Desperate Democrats are united to destroy American life, capitalism and individual choice by using systemic racism, (the newest catch phrase to burn and loot Democrat-controlled cities), against minorities by police (which is an inaccurate narrative, according to research and available data).

The worst instances of police brutality occur in Democrat-run cities, according to left-wing Black Lives Matter activist Shaun King.

As you watch globalist Democrat mayors, governors and protesters unite to enslave Americans linking arms with communists in our streets and obliterating businesses and homes, remember these are the Democrat “leaders” asking for your vote in November. Patriots don’t kneel to tyranny and apologize. Patriots stand up.

A.M. Young


President conflates protest, riots, for his benefit

To the Editor:

From his bone spurs to his bunker, Donald Trump shows the world his cowardice. He hides behind his twitter feed like Oz behind the curtain. Even Oz could not give this man courage.

He strutted along a path cleared of peaceful protesters cleared by tear gas. A “tough guy” going to a photo-op at St. John’s Episcopal Church without even the decency to inform the pastor of that church.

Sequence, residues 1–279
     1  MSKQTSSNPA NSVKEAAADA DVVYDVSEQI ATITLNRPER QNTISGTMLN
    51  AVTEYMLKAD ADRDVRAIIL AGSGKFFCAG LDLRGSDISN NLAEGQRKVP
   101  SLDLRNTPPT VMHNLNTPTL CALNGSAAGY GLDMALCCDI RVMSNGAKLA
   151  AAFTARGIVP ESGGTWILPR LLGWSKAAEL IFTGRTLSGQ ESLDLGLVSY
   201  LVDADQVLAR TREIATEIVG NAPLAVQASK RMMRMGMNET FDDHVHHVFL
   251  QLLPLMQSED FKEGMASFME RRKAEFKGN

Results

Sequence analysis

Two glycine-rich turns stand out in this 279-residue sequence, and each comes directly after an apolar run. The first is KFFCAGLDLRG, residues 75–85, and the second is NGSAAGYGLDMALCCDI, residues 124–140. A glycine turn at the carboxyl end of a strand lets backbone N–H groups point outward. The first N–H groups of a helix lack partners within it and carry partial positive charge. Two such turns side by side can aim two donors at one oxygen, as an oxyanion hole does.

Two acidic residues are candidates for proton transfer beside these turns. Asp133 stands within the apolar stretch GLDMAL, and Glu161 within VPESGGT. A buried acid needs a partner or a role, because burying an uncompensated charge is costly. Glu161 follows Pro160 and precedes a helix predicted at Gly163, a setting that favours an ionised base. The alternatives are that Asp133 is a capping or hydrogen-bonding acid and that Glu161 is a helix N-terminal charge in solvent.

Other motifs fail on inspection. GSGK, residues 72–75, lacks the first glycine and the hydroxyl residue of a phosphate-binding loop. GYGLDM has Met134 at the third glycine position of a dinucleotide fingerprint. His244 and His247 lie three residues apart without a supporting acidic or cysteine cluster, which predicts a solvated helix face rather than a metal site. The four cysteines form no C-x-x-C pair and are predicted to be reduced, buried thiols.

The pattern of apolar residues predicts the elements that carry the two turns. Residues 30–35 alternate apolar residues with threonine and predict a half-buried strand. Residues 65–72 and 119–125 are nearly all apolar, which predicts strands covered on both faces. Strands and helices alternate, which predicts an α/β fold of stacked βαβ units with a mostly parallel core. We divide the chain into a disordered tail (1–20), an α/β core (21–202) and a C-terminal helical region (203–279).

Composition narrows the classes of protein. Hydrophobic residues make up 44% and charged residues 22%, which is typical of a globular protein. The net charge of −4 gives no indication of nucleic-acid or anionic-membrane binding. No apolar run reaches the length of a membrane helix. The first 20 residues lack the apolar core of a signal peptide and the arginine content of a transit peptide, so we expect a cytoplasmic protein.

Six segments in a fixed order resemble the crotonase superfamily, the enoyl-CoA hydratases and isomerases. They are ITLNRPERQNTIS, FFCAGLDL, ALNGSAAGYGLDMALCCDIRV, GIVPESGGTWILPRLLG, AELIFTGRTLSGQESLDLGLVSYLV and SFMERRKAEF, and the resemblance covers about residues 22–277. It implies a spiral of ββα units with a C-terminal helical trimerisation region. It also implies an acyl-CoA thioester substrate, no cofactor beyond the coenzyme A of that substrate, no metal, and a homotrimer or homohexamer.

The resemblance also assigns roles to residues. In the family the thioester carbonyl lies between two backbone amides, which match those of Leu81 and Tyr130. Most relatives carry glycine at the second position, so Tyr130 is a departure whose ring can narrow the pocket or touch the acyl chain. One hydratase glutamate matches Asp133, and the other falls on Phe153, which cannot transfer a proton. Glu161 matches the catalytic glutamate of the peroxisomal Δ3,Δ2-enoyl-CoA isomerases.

He stood in front of the service announcement board and held up a Bible and pointed to it like a pitchman for a new product.

With the country in pain, he is devoid of empathy and comprehension of this pain. What kind of leader does that?

Legitimate, peaceful protest is an inalienable right, guaranteed by our Constitution. Violence, looting and destruction are not.

Donald Trump is attempting to conflate the two and fan the flames higher for only one purpose — hoping to confuse the nation further and get reelected. How well has he handled the pandemic?

How will he respond to hurricane destruction?

We, the responsible citizens of this country have the best weapon — our vote. That is why one party is trying so hard to suppress it.

Two things can happen in November. With the Grace of God, hurricane season will end.

With the power of our vote the reign of Donald the First will be over.

Norman Wirtz


Vote-by-mail can be risky to elections

To the Editor:

A looming issue for the 2020 elections is: voting by mail. There’s evidence that mail-in voting is a risk to election security and fraud, and it’s on the Left’s wish list. House Democrats saw the coronavirus as an opportunity for nationwide voting by mail to stuff the ballot boxes and Democrats don’t want to let “a crisis go to waste.”

Judicial Watch has “been involved for almost a decade in ensuring the honesty and integrity of our electoral processes” and enforces the “election integrity provisions of the National Voter Registration Act of 1993 (NVRA).” They sued North Carolina, Pennsylvania and California to force them to clean up their voter rolls.